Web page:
There were 24 minutes on the stadium clock when Harry Kane began a conversation with the referee, Ivan Bebek, and Southgate did likewise with the Uefa official on the sideline. Moments later, an announcement crackled over the PA system, which amounted to step one of Uefa’s anti-racism protocol. The voice made it plain that unless the racist chants stopped, the game would “be suspended and may be abandoned”.

It was not difficult to pick out the monkey chants after Mings had played a pass out of defence and it was clear the England debutant had heard them because he turned towards a section of the crowd, stood still for a moment and stared. This was supposed to be a glorious occasion for the Aston Villa centre-half, the fulfilment of a boyhood dream. How it soured.

This stadium holds 44,000 but the capacity was reduced by 5,000 as a punishment from Uefa for the behaviour of the Bulgaria support in the June qualifiers against Czech Republic and Kosovo, which was ruled to have been racist. The cordoned-off area behind one of the goals was adorned with anti-racism banners. But there were further large swathes of empty seats, giving a slightly curious feel to the spectacle. From the moment that Mings was targeted, the game ceased to be a spectacle. It was deeply edgy.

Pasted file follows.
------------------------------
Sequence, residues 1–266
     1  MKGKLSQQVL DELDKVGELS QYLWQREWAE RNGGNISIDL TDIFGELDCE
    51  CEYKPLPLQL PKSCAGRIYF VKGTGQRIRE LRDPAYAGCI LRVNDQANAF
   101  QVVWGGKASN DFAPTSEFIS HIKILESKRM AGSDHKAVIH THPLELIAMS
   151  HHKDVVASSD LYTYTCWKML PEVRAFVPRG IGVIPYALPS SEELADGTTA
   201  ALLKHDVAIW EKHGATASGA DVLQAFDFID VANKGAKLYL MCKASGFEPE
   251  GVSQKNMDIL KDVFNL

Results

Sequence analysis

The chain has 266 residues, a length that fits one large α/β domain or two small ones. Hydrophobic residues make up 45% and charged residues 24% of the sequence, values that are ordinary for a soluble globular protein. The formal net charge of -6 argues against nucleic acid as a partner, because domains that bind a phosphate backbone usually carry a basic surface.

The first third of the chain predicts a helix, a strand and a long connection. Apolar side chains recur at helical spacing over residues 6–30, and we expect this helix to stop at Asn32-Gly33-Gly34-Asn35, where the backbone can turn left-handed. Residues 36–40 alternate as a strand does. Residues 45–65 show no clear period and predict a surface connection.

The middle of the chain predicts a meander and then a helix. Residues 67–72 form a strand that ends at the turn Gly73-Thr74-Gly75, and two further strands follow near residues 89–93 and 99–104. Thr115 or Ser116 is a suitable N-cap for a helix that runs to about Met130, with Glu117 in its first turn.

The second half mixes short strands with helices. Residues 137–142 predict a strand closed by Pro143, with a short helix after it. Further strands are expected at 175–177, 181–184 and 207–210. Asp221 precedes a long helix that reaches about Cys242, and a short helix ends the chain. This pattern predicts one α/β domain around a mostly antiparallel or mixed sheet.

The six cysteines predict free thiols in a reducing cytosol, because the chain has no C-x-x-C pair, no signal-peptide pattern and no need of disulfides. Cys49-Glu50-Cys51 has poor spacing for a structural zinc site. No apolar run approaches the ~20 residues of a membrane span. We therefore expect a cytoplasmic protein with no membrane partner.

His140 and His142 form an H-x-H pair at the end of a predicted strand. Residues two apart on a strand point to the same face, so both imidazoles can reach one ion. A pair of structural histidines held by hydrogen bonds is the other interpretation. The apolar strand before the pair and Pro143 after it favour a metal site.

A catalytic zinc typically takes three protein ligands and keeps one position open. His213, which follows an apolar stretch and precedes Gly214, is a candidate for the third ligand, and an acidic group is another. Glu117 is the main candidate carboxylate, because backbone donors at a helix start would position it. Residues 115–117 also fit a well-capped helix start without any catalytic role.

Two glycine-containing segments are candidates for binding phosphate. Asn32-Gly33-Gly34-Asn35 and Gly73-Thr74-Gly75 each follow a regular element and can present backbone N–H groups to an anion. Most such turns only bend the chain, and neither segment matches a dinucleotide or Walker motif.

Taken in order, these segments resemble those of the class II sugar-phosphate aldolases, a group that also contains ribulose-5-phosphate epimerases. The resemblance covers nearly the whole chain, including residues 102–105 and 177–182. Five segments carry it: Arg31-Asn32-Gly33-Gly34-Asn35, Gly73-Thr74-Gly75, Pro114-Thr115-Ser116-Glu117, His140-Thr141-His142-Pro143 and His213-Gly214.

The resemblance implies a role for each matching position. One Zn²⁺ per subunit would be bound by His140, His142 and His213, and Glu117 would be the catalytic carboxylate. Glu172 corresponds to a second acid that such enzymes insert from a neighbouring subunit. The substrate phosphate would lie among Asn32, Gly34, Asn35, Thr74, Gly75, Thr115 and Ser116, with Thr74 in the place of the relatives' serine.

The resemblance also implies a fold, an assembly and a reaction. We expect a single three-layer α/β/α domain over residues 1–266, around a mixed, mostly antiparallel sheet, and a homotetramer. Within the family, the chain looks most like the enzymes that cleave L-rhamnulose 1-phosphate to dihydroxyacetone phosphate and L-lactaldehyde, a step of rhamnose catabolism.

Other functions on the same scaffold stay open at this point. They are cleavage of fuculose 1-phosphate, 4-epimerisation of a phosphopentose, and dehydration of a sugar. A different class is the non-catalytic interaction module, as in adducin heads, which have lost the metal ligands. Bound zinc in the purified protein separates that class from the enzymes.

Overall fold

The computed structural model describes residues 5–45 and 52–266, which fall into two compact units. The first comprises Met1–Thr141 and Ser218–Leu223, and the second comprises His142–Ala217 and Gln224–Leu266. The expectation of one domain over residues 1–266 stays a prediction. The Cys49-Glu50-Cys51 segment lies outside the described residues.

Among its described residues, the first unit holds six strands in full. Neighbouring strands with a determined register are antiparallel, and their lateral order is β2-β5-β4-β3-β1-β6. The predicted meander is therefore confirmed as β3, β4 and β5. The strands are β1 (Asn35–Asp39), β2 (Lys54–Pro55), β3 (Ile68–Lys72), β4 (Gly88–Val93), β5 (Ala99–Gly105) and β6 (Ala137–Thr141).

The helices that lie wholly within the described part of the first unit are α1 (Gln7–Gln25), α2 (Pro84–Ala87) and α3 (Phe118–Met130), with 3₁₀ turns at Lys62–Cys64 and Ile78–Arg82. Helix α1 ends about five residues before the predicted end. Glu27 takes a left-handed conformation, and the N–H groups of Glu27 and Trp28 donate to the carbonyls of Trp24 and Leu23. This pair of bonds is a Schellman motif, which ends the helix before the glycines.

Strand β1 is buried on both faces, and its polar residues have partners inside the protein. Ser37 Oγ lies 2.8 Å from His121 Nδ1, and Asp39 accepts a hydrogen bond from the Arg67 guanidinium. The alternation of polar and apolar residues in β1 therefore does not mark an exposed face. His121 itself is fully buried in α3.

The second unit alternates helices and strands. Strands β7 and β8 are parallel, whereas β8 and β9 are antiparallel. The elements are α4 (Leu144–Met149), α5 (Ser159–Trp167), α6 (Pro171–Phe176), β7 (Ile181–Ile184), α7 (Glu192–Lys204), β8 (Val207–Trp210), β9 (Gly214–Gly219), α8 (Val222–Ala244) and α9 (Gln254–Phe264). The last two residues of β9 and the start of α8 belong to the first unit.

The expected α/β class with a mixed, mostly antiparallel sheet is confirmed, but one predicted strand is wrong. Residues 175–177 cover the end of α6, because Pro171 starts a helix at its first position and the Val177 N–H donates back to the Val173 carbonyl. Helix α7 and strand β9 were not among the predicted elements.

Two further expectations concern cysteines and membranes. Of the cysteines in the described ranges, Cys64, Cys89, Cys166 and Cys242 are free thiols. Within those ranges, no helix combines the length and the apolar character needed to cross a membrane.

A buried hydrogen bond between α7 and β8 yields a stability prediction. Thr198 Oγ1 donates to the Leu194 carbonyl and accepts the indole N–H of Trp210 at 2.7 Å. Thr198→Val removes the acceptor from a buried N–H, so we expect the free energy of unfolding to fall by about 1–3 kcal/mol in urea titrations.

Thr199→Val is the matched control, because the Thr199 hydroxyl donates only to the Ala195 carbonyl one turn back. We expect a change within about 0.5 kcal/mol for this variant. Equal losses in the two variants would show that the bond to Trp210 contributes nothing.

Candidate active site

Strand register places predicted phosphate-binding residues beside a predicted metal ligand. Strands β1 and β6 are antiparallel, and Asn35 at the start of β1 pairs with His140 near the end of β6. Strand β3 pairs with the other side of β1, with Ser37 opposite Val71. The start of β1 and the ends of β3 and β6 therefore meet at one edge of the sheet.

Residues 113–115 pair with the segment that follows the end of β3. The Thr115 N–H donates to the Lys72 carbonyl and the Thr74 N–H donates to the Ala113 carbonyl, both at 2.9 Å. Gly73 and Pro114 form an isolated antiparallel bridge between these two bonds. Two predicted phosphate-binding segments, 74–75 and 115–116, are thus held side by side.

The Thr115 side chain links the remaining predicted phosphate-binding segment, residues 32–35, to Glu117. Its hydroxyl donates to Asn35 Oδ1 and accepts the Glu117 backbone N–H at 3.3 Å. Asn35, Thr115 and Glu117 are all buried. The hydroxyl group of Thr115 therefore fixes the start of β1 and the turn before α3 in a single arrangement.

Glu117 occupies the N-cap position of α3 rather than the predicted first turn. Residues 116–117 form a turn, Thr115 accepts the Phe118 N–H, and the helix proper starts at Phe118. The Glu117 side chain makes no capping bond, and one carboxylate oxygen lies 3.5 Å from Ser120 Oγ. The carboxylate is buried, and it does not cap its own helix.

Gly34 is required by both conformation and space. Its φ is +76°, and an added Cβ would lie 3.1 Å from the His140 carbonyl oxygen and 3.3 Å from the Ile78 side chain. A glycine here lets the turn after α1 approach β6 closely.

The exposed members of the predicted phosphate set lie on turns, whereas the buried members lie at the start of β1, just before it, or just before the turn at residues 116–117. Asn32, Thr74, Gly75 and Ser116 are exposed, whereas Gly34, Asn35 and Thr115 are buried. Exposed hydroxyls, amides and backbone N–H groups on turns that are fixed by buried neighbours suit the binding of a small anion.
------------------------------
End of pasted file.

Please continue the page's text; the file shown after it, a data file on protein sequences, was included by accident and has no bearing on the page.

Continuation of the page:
At that point, England were 2-0 up and playing well, even though the action came to feel incidental. The opening goal came from a moment of real quality from Rashford, which made light of the statistic that showed he had previously scored just one goal in open play since March. Taking a pass from Barkley, he cut away from Georgi Pashov, sending the defender skidding in the wrong direction, before coming inside and unloading a vicious shot through the grasp of Plamen Iliev. The second was laid on by Raheem Sterling, who swapped passes with Harry Kane and drove across goal to present Barkley with a tap-in.

The England support directed a bellowed chant to their Bulgarian rivals: “You racist bastards, you know what you are.” Mings heard further monkey taunts on at least two occasions before half-time and the only wonder was the players did not leave the pitch. There was, though, a lengthy stoppage before the interval, during which the Bulgarian captain, Ivelin Popov, appeared to be urging England players to calm down.

England scored twice more before half-time and what a pity that their imposing football rang so hollow. Kane picked out Barkley to head past Iliev while Trippier and Kane ushered in Sterling. By then, onlookers were simply wondering how much worse the situation would get and whether the game would finish. Somehow it did. Sterling’s second was well taken and Kane rounded off the rout with the sixth. It would have been double figures but for the resistance of Iliev. The full-time whistle was the only mercy. - Guardian